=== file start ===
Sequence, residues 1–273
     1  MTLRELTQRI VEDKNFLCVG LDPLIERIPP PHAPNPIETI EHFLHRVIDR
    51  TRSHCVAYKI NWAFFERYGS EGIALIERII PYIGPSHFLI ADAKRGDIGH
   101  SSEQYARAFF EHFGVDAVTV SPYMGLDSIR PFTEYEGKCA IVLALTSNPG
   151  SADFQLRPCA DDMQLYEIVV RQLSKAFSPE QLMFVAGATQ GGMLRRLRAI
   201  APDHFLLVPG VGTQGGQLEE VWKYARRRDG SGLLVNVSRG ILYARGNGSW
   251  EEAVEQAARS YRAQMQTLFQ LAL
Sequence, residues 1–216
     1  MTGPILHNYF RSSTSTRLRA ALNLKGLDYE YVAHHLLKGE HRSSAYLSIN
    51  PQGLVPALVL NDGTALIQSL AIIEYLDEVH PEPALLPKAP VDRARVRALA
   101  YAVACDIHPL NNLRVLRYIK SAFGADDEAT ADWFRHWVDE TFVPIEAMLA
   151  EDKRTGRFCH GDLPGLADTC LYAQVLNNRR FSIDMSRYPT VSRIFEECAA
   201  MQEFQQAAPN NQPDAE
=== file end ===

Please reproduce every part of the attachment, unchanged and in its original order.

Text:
Sequence, residues 1–273
     1  MTLRELTQRI VEDKNFLCVG LDPLIERIPP PHAPNPIETI EHFLHRVIDR
    51  TRSHCVAYKI NWAFFERYGS EGIALIERII PYIGPSHFLI ADAKRGDIGH
   101  SSEQYARAFF EHFGVDAVTV SPYMGLDSIR PFTEYEGKCA IVLALTSNPG
   151  SADFQLRPCA DDMQLYEIVV RQLSKAFSPE QLMFVAGATQ GGMLRRLRAI
   201  APDHFLLVPG VGTQGGQLEE VWKYARRRDG SGLLVNVSRG ILYARGNGSW
   251  EEAVEQAARS YRAQMQTLFQ LAL
Sequence, residues 1–216
     1  MTGPILHNYF RSSTSTRLRA ALNLKGLDYE YVAHHLLKGE HRSSAYLSIN
    51  PQGLVPALVL NDGTALIQSL AIIEYLDEVH PEPALLPKAP VDRARVRALA
   101  YAVACDIHPL NNLRVLRYIK SAFGADDEAT ADWFRHWVDE TFVPIEAMLA
   151  EDKRTGRFCH GDLPGLADTC LYAQVLNNRR FSIDMSRYPT VSRIFEECAA
   201  MQEFQQAAPN NQPDAE